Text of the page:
Using Binding.StringFormat is great for view-only data but you are correct, it doesn't provide the full featured type conversion and defaults when users enter data. So for data entry it's better to support a converter like I showed above. However Binding.StringFormat (and the ContentStringFormat for content controls, HeaderStringFormat, ItemStringFormat, etc.) are easy for controlling the *display* of data.



  • Hi John,

    Good to hear from you! Thanks for the feedback.


  • Beth,

    The documentation for IValueConverter shows the class decorated with the ValueConversion attribute.  The only indication I can find for why to use this attribute is "to indicate to development tools the data types involved in the conversion".  Can you elaborate on this?  Do you know of any specific examples where using this attribute buys functionality that you don't get without it?


  • Hi Allan,

    I don't think it is used currently by the WPF designer but it will be in the future. It's used to indicate to designers which converters would apply to the bound data types on the controls.

    I'd ask the question in the WPF forum:


  • I thought freedom of speech was ok.  it seems to me that only positive blog posts will stay here.  Be warned everyone, Beth is a communist.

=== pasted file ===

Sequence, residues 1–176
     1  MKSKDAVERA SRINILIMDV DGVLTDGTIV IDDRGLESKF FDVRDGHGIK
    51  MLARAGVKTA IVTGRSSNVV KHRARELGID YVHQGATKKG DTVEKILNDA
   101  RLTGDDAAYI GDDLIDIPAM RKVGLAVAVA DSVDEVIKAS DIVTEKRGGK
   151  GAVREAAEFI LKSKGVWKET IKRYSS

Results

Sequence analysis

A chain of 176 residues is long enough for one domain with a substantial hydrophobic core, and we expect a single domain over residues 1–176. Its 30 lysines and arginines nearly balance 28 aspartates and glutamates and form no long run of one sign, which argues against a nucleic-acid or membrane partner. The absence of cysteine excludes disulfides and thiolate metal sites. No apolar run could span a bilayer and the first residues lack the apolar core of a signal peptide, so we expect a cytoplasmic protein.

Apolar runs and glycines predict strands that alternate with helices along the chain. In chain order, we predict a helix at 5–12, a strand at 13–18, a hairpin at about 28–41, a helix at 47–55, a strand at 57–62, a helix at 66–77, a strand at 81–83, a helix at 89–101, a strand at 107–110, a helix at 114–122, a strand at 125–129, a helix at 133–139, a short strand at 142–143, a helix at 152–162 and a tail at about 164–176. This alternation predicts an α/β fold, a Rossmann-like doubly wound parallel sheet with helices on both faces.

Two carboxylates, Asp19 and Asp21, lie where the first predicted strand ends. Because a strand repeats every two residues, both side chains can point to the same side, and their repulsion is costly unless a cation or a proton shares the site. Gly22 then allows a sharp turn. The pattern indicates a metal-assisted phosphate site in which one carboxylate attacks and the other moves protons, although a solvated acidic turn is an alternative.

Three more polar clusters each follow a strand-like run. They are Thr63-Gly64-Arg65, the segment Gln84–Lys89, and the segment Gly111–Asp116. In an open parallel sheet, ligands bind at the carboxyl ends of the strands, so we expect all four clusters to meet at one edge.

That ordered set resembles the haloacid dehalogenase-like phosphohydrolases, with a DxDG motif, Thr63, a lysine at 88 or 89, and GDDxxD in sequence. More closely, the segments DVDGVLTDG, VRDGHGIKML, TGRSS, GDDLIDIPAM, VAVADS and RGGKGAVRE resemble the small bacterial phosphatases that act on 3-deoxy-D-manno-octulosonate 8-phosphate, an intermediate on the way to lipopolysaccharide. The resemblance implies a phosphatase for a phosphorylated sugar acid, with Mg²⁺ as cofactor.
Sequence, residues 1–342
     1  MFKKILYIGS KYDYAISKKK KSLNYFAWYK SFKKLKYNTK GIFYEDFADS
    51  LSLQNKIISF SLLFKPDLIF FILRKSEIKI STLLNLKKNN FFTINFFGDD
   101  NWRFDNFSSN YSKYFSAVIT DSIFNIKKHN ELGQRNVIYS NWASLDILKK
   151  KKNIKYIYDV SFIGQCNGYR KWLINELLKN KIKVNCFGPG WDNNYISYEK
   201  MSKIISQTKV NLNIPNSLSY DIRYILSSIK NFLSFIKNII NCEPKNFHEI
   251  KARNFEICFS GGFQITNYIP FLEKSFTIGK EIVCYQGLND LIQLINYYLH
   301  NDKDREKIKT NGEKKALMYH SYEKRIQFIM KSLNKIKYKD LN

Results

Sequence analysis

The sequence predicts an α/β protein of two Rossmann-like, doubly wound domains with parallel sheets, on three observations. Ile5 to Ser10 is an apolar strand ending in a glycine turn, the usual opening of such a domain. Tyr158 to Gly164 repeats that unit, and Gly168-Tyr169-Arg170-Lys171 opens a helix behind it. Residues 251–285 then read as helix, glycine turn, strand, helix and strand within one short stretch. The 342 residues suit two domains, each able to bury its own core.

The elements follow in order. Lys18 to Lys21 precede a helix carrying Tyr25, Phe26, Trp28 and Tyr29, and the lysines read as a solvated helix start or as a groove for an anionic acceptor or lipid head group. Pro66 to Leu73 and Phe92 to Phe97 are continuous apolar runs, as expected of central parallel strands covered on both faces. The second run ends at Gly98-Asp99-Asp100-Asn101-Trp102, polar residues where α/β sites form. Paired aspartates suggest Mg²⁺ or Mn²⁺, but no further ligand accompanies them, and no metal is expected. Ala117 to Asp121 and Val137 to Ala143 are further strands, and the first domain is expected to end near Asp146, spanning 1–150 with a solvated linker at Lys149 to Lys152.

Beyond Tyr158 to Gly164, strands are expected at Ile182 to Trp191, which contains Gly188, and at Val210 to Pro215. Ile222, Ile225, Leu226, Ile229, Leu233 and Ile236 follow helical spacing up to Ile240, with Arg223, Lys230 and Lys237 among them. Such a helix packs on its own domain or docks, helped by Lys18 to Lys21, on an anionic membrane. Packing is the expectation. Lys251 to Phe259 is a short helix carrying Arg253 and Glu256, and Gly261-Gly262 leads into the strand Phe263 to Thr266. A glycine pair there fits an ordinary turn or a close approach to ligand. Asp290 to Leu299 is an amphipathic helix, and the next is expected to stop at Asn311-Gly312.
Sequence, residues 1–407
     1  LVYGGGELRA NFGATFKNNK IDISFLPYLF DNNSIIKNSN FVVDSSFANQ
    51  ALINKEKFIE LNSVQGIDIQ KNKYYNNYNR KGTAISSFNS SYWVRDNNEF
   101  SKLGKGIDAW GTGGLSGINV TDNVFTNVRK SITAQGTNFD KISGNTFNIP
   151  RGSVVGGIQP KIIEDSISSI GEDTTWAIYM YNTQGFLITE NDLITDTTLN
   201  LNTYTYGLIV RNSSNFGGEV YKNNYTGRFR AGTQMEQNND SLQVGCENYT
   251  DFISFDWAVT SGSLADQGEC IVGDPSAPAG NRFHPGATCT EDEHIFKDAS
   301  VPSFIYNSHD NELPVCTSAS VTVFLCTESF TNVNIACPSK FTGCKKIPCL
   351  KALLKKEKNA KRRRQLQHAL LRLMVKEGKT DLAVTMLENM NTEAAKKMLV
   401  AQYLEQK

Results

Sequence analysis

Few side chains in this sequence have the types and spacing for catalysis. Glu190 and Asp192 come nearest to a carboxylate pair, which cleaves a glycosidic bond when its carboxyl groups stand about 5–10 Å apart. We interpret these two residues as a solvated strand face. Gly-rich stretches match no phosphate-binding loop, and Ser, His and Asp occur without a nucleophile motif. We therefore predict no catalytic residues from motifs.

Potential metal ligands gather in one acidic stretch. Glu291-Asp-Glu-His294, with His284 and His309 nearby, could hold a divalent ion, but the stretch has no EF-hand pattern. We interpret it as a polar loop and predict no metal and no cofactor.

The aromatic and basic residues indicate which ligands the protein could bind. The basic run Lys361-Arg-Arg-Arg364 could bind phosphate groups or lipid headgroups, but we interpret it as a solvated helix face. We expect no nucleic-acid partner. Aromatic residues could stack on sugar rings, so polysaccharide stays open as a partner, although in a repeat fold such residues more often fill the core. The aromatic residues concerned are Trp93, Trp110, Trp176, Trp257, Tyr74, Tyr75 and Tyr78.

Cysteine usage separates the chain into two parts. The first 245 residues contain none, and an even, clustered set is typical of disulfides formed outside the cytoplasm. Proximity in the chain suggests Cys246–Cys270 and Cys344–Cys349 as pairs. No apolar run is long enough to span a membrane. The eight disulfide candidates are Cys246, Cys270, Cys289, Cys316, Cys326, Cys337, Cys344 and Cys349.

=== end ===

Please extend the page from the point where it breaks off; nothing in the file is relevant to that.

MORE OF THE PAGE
• hi Rich,

    Please stop spamming my blog and I wont have to do that. Your posts are completely off topic. I spoke with Rich at Strangeloop and you are not him so quit it.



  • How about if we wanted to keep the order date having date and time?


  • Hi Carlos,

    Take a look at the predefined date formats that you can specify to the Format function here:

    For instance instead of specifying a 'd' in the XAML you can supply a 'g' as the ConverterParameter and the short date and time will display.



  • Hi Beth,

    thanks for the clarification. I think the StringFormat name should be changed to DisplayStringFormat since it was confusing to me at first.

    Anyway, I'll try your way using IValueConverter then.


  • We just released a new How Do I Video onto the VB Dev Center on how to format controls on data entry

  • Today we released a new How Do I Video onto the VB Dev Center on how to format controls on data entry

  • Great post, Beth, thanks!

    For anyone interested, I just put up a somewhat related post on using IValueConverter to translate numeric values between different scales - this one is also in VB by the way:

  • Hi Beth,

    I am very beginner. for novice like me, could u please upload the sample project of the 'Formatting Data in WPF Controls' ?

    Thanks Beth.